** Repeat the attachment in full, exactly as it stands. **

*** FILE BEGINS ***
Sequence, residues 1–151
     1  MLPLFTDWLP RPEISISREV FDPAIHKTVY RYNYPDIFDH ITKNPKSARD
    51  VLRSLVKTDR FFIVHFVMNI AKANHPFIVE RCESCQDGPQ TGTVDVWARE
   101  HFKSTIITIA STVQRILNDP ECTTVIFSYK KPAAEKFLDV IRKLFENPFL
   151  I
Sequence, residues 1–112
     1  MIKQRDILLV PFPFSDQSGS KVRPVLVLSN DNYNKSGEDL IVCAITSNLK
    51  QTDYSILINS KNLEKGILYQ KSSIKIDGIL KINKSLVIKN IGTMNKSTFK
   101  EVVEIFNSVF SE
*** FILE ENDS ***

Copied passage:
Sequence, residues 1–151
     1  MLPLFTDWLP RPEISISREV FDPAIHKTVY RYNYPDIFDH ITKNPKSARD
    51  VLRSLVKTDR FFIVHFVMNI AKANHPFIVE RCESCQDGPQ TGTVDVWARE
   101  HFKSTIITIA STVQRILNDP ECTTVIFSYK KPAAEKFLDV IRKLFENPFL
   151  I
Sequence, residues 1–112
     1  MIKQRDILLV PFPFSDQSGS KVRPVLVLSN DNYNKSGEDL IVCAITSNLK
    51  QTDYSILINS KNLEKGILYQ KSSIKIDGIL KINKSLVIKN IGTMNKSTFK
   101  EVVEIFNSVF SE